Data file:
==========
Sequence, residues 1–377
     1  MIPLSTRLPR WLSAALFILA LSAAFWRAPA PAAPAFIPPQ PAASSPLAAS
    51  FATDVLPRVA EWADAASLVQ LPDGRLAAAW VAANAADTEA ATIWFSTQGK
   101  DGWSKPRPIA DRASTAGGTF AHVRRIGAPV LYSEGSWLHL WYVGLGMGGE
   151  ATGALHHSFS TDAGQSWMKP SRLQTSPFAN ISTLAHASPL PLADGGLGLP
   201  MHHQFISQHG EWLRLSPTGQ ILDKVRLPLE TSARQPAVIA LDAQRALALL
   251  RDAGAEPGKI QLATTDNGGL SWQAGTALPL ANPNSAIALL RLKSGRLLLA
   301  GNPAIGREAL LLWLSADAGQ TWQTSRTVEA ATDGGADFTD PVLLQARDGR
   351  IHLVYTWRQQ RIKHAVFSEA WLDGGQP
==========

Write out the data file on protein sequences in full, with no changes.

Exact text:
Sequence, residues 1–377
     1  MIPLSTRLPR WLSAALFILA LSAAFWRAPA PAAPAFIPPQ PAASSPLAAS
    51  FATDVLPRVA EWADAASLVQ LPDGRLAAAW VAANAADTEA ATIWFSTQGK
   101  DGWSKPRPIA DRASTAGGTF AHVRRIGAPV LYSEGSWLHL WYVGLGMGGE
   151  ATGALHHSFS TDAGQSWMKP SRLQTSPFAN ISTLAHASPL PLADGGLGLP
   201  MHHQFISQHG EWLRLSPTGQ ILDKVRLPLE TSARQPAVIA LDAQRALALL
   251  RDAGAEPGKI QLATTDNGGL SWQAGTALPL ANPNSAIALL RLKSGRLLLA
   301  GNPAIGREAL LLWLSADAGQ TWQTSRTVEA ATDGGADFTD PVLLQARDGR
   351  IHLVYTWRQQ RIKHAVFSEA WLDGGQP